New York Tribune, 1867.06.03

Date: 1867.05.31
Site: USA Philadelphia, PA (Athenaeum)
Event: US Championship, Game 6
White: Reichhelm,GC
Black: Mackenzie,GH
Opening: [C51] Evans
Annotator: Mackenzie,GH
1.e4 e5 2.Nf3 Nc6 3.Bc4 Bc5 4.b4 Bxb4 5.c3 Bc5 6.0-0 d6 7.d4 exd4 8.cxd4 Bb6 9.Re1 Bg4 10.Bb2
10.Bb5, is, we think, the best move at this point.
10...Nh6 11.d5 Bxf3 12.Qxf3 Ne5 13.Bb5+ Kf8 14.Qg3
We should have preferred taking off the knight with bishop.
14...Nhg4 15.Re2 h5 16.h3 h4 17.Qc3 a6
Reichhelm appears to have overlooked the object of Black's last move, or in all probability he would have taken knight with pawn.
18...Nxf2 19.Kh2
White would have lost the exchange at least, had he captured the knight.
19...Qf6 20.Qd2 Nf3+ 21.gxf3 Qxf3 22.Bxg7+
This was played without sufficient consideration; by simply playing 22...Kg8, Mackenzie must have won the game in a move or two.
23.Qc3+ Qxc3 24.Nxc3
The game was prolonged for about thirty more moves, and finally won by Black.
Pope: The gamescore in The Albion ends here.
24...Nd3 25.Rg2+ Kf8 26.Rf1 Bd4 27.Ne2 Be5+ 28.Kh1 Rg8 29.Rg4 Rxg4 30.hxg4 Ke7 31.Kg2 h3+ 32.Kxh3 Rh8+ 33.Kg2 Rh2+ 34.Kf3 Rh3+ 35.Kg2 Re3 36.Bd1 Rxe4 37.Kf3 Rb4 38.Bc2 Nc5 39.Rb1 Rxb1 40.Bxb1 c6 41.dxc6 bxc6 42.Ke3 d5 43.Bc2 Kd6 44.Bd1 Ne6 45.Bb3 c5 46.Bc2 c4 47.Bd1 d4+ 48.Kd2 Kd5 49.Ng1 Bf4+ 50.Kc2 Ng5 51.Be2 a5 52.Bf1 f6 53.Bg2+ Kc5 54.Nh3 d3+ 55.Kb2 Be5+ (...) 0-1
New York Tribune, 1867.06.03
New York Albion, 1867.06.08

Game 7: Friday, May 31, 1867.

Date: 1867.05.31 & 1867.06.01
Site: USA Philadelphia, PA (Athenaeum)
Event: US Championship, Game 7
White: Mackenzie,GH
Black: Reichhelm,GC
Opening: [C84] Spanish
Annotators: Mackenzie,GH & Reichhelm,GC
1.e4 e5 2.Nf3 Nc6 3.Bb5 a6 4.Ba4 Be7
Mackenzie: This defense to the Ruy Lopez attack, was, we believe, first introduced by Hirschfeld.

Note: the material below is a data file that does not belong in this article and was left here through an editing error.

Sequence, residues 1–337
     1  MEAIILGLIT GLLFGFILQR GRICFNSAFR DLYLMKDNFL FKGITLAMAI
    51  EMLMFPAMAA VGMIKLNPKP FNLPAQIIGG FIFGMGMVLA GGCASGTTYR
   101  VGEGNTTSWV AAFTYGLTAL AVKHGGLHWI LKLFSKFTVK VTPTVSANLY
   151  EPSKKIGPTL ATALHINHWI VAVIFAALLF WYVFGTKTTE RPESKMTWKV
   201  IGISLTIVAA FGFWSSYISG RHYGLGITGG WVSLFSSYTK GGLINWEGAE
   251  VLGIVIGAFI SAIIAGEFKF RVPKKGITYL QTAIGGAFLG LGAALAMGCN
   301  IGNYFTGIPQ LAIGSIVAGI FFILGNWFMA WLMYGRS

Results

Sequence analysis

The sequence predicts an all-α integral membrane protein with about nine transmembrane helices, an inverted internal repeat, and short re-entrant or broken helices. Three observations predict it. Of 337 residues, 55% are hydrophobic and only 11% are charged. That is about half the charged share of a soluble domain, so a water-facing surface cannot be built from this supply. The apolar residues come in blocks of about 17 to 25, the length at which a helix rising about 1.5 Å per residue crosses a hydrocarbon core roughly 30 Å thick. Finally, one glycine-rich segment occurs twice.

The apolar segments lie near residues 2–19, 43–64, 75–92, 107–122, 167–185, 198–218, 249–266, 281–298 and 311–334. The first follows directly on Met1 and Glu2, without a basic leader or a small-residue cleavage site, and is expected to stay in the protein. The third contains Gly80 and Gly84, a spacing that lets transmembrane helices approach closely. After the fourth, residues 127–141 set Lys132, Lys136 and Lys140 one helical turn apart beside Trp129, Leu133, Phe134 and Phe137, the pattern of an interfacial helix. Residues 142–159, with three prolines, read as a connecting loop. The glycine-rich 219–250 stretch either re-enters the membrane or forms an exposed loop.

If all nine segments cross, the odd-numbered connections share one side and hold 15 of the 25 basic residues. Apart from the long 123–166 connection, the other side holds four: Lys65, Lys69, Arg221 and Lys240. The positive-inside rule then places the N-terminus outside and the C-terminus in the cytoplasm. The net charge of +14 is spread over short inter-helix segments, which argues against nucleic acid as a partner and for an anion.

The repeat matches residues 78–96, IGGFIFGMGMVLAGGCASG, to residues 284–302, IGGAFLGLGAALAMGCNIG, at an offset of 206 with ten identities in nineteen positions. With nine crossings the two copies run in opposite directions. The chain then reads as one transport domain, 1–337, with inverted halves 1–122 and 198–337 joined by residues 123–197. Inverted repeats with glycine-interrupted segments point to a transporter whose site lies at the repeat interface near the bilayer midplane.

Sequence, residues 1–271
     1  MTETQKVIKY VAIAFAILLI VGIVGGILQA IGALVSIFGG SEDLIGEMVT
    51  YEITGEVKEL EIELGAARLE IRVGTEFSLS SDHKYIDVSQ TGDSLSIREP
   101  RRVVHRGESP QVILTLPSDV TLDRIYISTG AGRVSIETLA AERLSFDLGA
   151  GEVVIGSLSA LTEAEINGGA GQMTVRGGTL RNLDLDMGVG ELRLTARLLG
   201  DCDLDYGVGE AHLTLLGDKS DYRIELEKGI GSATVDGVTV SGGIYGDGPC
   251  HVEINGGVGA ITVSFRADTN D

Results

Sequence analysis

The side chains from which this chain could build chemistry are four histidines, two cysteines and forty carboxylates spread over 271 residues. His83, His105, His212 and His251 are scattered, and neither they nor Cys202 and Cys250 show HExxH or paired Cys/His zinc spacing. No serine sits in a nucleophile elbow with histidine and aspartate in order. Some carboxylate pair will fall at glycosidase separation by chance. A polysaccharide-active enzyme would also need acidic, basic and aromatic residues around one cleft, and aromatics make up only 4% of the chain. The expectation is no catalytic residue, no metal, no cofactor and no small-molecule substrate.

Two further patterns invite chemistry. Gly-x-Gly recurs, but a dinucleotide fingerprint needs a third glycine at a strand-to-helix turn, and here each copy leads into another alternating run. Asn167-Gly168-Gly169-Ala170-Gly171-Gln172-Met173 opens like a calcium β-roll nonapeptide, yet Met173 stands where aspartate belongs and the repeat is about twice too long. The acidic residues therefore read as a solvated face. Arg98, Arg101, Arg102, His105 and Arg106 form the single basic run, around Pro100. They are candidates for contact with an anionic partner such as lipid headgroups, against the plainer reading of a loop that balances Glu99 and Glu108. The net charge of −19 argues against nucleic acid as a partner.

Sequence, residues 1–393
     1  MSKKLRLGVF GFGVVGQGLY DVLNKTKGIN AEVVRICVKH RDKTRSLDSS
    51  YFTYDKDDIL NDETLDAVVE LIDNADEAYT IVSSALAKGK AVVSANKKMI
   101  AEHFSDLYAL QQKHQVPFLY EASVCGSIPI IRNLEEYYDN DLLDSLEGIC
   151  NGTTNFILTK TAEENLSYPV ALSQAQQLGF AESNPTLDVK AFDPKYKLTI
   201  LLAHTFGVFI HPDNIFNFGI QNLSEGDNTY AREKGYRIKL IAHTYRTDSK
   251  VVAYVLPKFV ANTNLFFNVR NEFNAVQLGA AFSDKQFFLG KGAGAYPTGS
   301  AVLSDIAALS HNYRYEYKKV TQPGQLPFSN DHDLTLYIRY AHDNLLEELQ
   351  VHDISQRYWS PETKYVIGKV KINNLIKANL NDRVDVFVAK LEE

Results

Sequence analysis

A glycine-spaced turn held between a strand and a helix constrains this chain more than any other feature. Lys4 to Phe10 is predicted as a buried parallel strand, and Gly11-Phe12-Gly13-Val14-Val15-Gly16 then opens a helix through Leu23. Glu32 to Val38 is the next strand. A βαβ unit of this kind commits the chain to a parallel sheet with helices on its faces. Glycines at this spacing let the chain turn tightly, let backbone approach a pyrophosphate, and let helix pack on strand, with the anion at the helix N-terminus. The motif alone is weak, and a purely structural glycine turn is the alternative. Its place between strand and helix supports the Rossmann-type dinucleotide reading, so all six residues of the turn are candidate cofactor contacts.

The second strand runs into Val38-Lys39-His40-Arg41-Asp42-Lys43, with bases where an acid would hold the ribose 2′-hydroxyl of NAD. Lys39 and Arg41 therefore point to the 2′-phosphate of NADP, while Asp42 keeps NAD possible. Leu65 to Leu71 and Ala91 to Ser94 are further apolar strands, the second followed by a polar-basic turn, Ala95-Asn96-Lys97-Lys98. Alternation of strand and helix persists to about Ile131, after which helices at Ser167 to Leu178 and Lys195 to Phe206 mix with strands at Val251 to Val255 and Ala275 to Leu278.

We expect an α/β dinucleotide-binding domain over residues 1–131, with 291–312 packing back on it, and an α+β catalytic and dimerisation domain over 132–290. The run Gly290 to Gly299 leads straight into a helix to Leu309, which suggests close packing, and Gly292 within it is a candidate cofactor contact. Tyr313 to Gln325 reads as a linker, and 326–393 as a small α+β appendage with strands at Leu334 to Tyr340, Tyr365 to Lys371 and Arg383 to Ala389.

5.d4 exd4 6.0-0 Nf6 7.e5 Ne4 8.Re1 Nc5 9.Bxc6 dxc6 10.Nxd4 Ne6 11.c3 Nxd4 12.cxd4 Be6 13.Nc3 0-0 14.Be3 Qd7 15.f4 Rad8 16.Qf3 g6 17.h3 Bh4 18.g3 Be7 19.g4
Reichhelm: This move relieves Black in a great measure from the restraint of his position.
20.f5 gxf5 21.gxh5 Kh7 22.Kh2 Rg8 23.Rg1 Bd5 24.Qf4 Qe6
Mackenzie: White, we think, could have won the game here by 25.Nxd5 and then playing 26.Rg6. Suppose: 25.Nxd5 cxd5 26.Rg6 Rxg6 (best) 27.hxg6+ fxg6 (27...Qxg6 28.Rg1 Qe6 (or 28...Qh5) 29.Qg3 Qg6 30.Qf3 and wins) 28.Qh6+ Kg8 29.Rg1 Kf7 30.Qh7+ Ke8 31.Rxg6 Qc8 32.e6 and wins.
25...Rxg1 26.Rxg1 Rg8 27.Rxg8 Kxg8 28.Ne2 Bxa2 29.Qg3+ Kh7 30.Nf4 Qc8 31.Ng6
Reichhelm: A good move—securing a drawn game.
Mackenzie: White's attack having failed, the best he can do is to play for a drawn game.
Mackenzie: This is the best move we believe.
32.Qxg6+ Kh8 33.Qh6+
Pope: Gamescore in The Albion ends here.
33...Kg8 34.Qg6+ Kh8 ½-½
Philadelphia Daily Evening Bulletin, 1867.06.14
New York Albion, 1867.06.15

Game 8: Saturday, June 1, 1867.

Date: 1867.06.01
Site: USA Philadelphia, PA (Athenaeum)
Event: US Championship, Game 8
White: Reichhelm,GC
Black: Mackenzie,GH
Opening: [C45] Scotch
Annotator: Mackenzie,GH
1.e4 e5 2.Nf3 Nc6 3.d4 exd4 4.Nxd4 Bc5
4...Qh4 is also a good move.
5.Be3 Qf6 6.c3 Nge7 7.Be2 d5 8.exd5 Nxd5 9.0-0 Nxe3 10.fxe3 Qh6
We should have preferred defending the e-pawn.
11...Qxe3+ 12.Kh1 0-0 13.Nxc6 bxc6 14.Bxc6 Rb8 15.b3
15.b4, with the intention of subsequently playing it to b5, would perhaps have been better.
15...Rb6 16.Bf3 Rh6